When it went on sale in 1959, the Mini symbolized an intelligent and practical option for everyday life in the city. However, some people did not only imagine with this car going to work or shopping. Far from it, preparation workshops like Cooper they took advantage of its low weight, low center of gravity and short wheelbase in order to present devilish competition variants. In fact, against the expectations of many, the Mini Cooper S won three Monte Carlo Rallies between 1964 and 1967. A test in which, not surprisingly, it faced much more performance models such as the Mercedes 300 SE or the Ford Falcon. Sprint.
Obviously superior to the brief British if they were heading straight. Although, when the Turini and other twisty sections arrived, the Mini imposed her law thanks to her quick responses and excellent handling. This way, the Cooper S became one of the fundamental icons for sports motoring of the sixties. So much so that, at the level of popularity, it is possibly the best-known model among all those created by this preparer. The same one that, by the way, gave a radical turn to F1 when in 1957 he presented his T43. The first single-seater in the premier class with the engine mounted in a central-rear position.
Thus, at this point little more can be said about the Mini Cooper S. Even more so considering its happy rescue by BMW, which manufactures its current version on the outskirts of Oxford with notable success. However, it is interesting to investigate all the sports versions produced in short runs that were left by the wayside. Versions like the Mini Marcos, the Sprint by Neville Trinkett or the Spanish version by Me-Pre. Absolutely delicious thanks to its particular lowered roof and up to 130CV for only about 500 kilos of weight.
At this point, surely those who are most passionate about the Mini will be missing a truly exotic model. And wow, it would really be logical to think that, of this lack, only the most versed in the sports variants of the popular British have realized. Not in vain, of the Broadspeed GT 2+2 only 28 units were assembled. But let's go in parts. Given this situation, it is best to go back to 1959 in order to understand the origin of this vehicle. To begin with, everything must be made to revolve around the figure of Ralph Broad.
Put in charge of the family mechanical workshop from a very young age, Broad began to compete in British touring car races with a Mini he prepared himself. What's more, at the beginning of the sixties he already had his own adaptable kit available for the Mini. Especially successful among the many fans with airs of pilot common in semi-professional trophies. With all this, in 1962 he had already raised enough capital to found his own competition team. Team Broadspeed, appointed by BMC in 1965 to manage their Minis in the European Touring Car Championship. Undoubtedly, a scenario dreamed of by our protagonist. Who finally felt qualified to launch his own car in 1966.
BROADSPEED GT 2+2, AMBITIONS WITHOUT A STUDY
Examining vintage artwork, Ralph Broad is often seen with his Broadspeed. Always recognizable by his ungainly English demeanor, this trainer displayed technical expertise inversely proportional to your ability to read the market. In this way, although the Broadspeed GT 2+2 was undoubtedly an interesting and well sporting version of the Mini, it never enjoyed any possible commercial projection.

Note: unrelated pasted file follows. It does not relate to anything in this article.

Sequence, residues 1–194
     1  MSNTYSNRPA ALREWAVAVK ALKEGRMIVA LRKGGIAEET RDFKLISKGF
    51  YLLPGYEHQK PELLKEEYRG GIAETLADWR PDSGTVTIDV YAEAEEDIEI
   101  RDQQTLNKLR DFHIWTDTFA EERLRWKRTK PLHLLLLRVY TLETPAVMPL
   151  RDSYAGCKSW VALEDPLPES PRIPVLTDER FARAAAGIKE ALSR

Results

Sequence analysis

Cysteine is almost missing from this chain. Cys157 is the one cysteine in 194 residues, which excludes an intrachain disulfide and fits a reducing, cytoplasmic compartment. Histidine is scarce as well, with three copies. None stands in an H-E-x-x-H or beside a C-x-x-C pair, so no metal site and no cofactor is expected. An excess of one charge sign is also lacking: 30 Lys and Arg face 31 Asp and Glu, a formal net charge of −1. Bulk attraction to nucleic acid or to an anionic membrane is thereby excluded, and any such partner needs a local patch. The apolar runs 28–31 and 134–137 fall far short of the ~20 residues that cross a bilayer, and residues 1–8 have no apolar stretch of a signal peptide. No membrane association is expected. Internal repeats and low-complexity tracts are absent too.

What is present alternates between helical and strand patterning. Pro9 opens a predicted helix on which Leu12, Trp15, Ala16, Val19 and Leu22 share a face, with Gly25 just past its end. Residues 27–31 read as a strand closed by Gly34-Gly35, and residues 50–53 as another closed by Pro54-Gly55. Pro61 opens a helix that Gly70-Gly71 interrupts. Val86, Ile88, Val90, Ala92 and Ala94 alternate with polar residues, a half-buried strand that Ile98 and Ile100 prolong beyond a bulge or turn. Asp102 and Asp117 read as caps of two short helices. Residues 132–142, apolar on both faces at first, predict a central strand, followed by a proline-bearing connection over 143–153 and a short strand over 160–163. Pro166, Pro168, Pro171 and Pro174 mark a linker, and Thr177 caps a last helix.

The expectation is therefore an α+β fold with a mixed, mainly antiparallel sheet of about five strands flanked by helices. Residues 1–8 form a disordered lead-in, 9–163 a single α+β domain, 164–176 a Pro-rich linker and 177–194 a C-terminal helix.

Let's see. To begin with, its body received a comprehensive remodeling. Especially at the rear, where it intuitively applied a Kammback cut similar to that exhibited by the Aston Martin DB4 or the Ferrari 250 GTO. Also, a large part of its metal panels were replaced by others made of fiberglass. All this in order to reduce the weight to 584 kilos. Thus improving the performance given by the four-cylinder in-line engine and 998 cubic centimeters with up to 61CV at 6.000 revolutions per minute.
Obviously, due to everything done to the body, the engine and other elements such as the damping, building a Broadspeed GT 2+2 was not exactly cheap. In fact, the price of this sports car amounted to more than double that marked by a Mini Cooper S. Car that, by the way, was not exactly accessible to anyone in those years where the middle classes had just released their access to mass consumption. Furthermore, perhaps impressed by the traditional success of the MG and Triumph roadsters in the American market, Ralph Broad wanted to direct his model to it.
And well, although at the behest of Max Hoffman light models such as the Porsche 356 Speedster were a complete success, the case of the unknown Broadspeed GT 2+2 was not going to look like it at all. What's more, units were only manufactured during its inaugural year. Not surprisingly, its creator realized the mistake made in time, stopping production before it ended irreversibly unbalancing the accounts of your company. After this, Broadspeed could continue to be seen in British races thanks to its preparations based on Ford or Jaguar. But yes, never again in dealerships with their own model. However, it has in its history having launched one of the most exotic and interesting sports versions of the Mini. Not everyone can say something like that.
PD The unit shown to illustrate this article was found for sale in J.D. Classics. In addition, it is possibly the most special of the 28 manufactured due to its engine. With 1.366 cubic centimeters and up to 100CV. Also, this unit mounts magnesium wheels, safety cage and, as can be seen on the hood, the carburetion also received generous improvements.
Photographs: JD Classics